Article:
Despite NorthPoint Communications insistence it is not done with them yet, Verizon Communications told a group of investors Thursday morning it is moving forward with a revised national DSL expansion plan funded by the money it saves from the failed merger.
Verizon announced late Wednesday afternoon its intention to walk out on an $800 million ownership investment, nearly one month after making a down payment of $150 million to NorthPoint shareholders in the form of convertible preferred stock.
Verizon intends to keep the stock, possibly to keep a foot in the door for increased ownership down the road.
Despite the loss of NorthPoint and the DSL footprint that would have let them expand outside its current territory, Verizon is still expecting an eight percent growth in 2001 and 12 percent growth in 2002. Fourth quarter 2000 earnings are expected to remain in the 76 to 78 cents per share range.
Officials also said the company will still reach its goal of 500,000 DSL customers by the end of the year.
Verizon expects to save 12 cents per share next year and 13 cents per share in 2002 on stock that now won’t be diluted by the NorthPoint acquisition. While seven of those 12 cents will stay in its stock, the Baby Bell intends to continue its national expansion with the remainder of the savings.
Larry Babbio, Verizon’s telecom group vice chairman and president, said his company has an aggressive national expansion planned that will see them in 11 cities throughout the U.S. the next 12 to 24 months.
He expects to meet that goal despite NorthPoint’s obvious importance in providing business DSL services, centered mainly on synchronous DSL. Entrance into these cities is through large enterprise contracts, followed by targeting consumer customers down the road.
“DSL is important on a nationwide basis,” Babbio said. “We think that building off of our facilities in our territory and the facilities we own nationwide will get us there. I think we had originally focused on residential services, while NorthPoint was geared more towards the small- to medium-sized businesses, but I think we have a good product set to provide SDSL and meet our year-end goals.”
In a conference with investors, Babbio was firm in his insistence to keep nationwide expansion within the family, only working outside its facilities-based operations when absolutely necessary. Only in specific cases, he said, will Verizon go through the unbundled loop of another telco.
To do that the telco will build up its presence in facilities owned by Metromedia Fiber Network, Inc., in which it has a 10 percent ownership stake, its 9.5 percent ownership of Genuity Inc., and its September acquisition of One Point Communications out of Georgia.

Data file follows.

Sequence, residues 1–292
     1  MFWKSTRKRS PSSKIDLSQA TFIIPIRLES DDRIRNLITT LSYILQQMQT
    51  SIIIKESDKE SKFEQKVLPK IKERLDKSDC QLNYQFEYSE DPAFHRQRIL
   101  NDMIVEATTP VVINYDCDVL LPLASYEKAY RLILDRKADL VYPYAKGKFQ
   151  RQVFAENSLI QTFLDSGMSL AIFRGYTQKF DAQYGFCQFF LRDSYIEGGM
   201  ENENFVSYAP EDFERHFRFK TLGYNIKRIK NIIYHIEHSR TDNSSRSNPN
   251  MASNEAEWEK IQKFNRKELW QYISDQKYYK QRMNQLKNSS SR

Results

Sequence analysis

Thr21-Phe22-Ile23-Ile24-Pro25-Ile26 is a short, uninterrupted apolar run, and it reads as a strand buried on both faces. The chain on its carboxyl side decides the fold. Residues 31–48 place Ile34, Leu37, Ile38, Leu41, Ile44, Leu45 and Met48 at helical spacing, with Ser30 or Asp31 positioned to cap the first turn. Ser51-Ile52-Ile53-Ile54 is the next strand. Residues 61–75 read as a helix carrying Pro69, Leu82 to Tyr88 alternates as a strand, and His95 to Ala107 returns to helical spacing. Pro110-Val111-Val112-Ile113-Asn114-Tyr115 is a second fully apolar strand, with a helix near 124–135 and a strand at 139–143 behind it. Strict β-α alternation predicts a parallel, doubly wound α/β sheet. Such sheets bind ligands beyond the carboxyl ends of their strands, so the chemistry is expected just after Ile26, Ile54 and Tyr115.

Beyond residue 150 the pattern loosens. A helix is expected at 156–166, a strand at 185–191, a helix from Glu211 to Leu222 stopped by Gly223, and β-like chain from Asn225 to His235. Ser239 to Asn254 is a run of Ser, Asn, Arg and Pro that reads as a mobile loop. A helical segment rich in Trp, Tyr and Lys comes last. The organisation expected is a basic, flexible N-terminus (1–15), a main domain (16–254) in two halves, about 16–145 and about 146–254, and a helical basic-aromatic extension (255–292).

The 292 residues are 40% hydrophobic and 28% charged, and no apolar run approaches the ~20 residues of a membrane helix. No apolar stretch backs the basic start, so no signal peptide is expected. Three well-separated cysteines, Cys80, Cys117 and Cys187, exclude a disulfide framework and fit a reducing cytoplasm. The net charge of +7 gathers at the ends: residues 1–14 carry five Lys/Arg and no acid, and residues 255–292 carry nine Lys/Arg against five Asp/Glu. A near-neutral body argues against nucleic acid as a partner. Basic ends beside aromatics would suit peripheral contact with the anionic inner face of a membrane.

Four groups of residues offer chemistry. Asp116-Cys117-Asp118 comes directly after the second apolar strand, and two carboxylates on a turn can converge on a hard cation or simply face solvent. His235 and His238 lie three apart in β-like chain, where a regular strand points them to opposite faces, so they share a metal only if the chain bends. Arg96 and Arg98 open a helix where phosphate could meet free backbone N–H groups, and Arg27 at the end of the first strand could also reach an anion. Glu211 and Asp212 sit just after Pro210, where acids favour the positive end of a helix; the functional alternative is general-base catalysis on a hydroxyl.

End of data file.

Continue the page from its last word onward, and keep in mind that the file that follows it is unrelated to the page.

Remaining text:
That ownership translates to larger earnings per share down the road, Babbio said. Because of the ready-made presence, Verizon only expects to spend less than $100 million to get service ready in four of the cities, while seeing a return on the investment in the $200 to $250 million range.
What wasn’t explained clearly was Verizon’s intentions to keep state and federal regulators happy, now that the NorthPoint merger has fallen to the wayside.
Verizon is the marriage of regional bell operating centers Bell Atlantic Corp. and GTE Corp. One of the conditions to its approval earlier this year was to prove to the Federal Communications Commission and state regulators $500 million would be spent outside of the two company’s territory.
That stipulation looms a little larger, now that the deal with NorthPoint has been nixed, but Verizon maintains its acquisition of One Point and ownership in MFN are still a good start to meet regulator approval.
It remains unclear whether Verizon can extricate itself from the NorthPoint merger. The competitive local exchange carrier said it is still reviewing options, financial and legal, to address Verizon’s action
Liz Fetter, NorthPoint president, said the company’s current problems were not reason enough to cancel the merger of NorthPoint and Verizon’s DSL operations.
“I am stunned to get the news after months of conversation with Verizon on the strong business opportunities available to the combined entities,” Fetter said. “Verizon was not entitled to terminate these agreements, and we are exploring all our options, including funding options and legal remedies.”
Verizon contends it has every right to end its relationship with the CLEC, pointing to revised third quarter results that had NorthPoint losing $6 million in revenue and increasing its earnings before interest, taxes, depreciation and amortization loss to $90 million, about $11 million more than what it had originally reported.
NorthPoint blames deadbeat private ISPs who reneged on payments, which amounted to a loss in revenue from about 26,700 DSL customers, or about 31 percent of its customers.